When I got home, I discovered my wife looking for a poem for a lesson plan she’s writing. So I went to the bookshelf and reached behind all the delicious fiction to the poetry I keep stacked in a second row behind the main attraction to pull out a few volumes. We looked at some Robert Morgan, some Michael Chitwood, some Wrigley, some Andrew Hudgins, and it was nice to revisit some of the dog-eared pages. I thought also of the old Auden poem that appeared so touchingly in Four Weddings and a Funeral, and that reminded me in turn of Conrad Aiken’s lovely “Music I Heard.”

It was nice to spend a few minutes dipping back into some familiar poems.

Riordan vs. Luhrmann

My daughter has read all (or perhaps all but the very latest) of Rick Riordan’s books that’re based loosely on various popular mythologies, and my son has by now read most of them. Among these are the books popularized in recent years in the form of movies pertaining to the central Percy Jackson character.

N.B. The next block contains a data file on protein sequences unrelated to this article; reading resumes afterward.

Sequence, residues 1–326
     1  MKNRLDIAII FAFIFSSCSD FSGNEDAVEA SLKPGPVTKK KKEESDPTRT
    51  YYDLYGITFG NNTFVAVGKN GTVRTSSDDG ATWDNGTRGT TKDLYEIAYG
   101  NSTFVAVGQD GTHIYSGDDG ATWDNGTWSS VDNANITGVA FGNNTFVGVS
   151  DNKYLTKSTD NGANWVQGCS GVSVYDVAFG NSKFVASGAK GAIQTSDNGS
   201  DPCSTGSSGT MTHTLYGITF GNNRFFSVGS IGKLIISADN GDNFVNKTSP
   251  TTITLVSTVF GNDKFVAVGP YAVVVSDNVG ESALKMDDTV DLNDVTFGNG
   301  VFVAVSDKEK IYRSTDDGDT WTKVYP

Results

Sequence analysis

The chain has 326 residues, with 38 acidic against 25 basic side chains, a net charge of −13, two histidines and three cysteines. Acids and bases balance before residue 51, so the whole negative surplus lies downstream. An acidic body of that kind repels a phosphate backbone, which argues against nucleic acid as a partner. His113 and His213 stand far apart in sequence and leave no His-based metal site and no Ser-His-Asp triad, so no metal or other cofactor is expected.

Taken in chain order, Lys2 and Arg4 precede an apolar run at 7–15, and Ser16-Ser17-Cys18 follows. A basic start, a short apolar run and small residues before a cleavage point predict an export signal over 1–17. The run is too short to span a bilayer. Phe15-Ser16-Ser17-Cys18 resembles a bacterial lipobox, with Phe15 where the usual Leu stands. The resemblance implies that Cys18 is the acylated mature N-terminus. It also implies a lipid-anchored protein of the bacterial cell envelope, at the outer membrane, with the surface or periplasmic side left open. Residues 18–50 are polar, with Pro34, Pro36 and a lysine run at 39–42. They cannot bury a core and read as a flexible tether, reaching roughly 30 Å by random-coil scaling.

I’ve avoided reading more than brief snippets of the books, but my son’s 3rd-grade teacher recently asked if I’d be willing to give a Riordan mythology book a read to determine whether or not it’d be suitable to lend to 3rd-graders. Since this one — titled Percy Jackson’s Greek Gods — purports to be a more faithful retelling of the myths, she was worried that some of the content might be a little mature.

I cheerfully agreed to give it a try. It’s not a small book, and I got through about 100 pages before crying uncle. It’s about what I expected in terms of whether or not it’s appropriate for 3rd graders. There are some mature-ish topics mostly sort of danced around in a way that’s probably better for tweens than for the younger set but that I wouldn’t personally object to my son’s reading.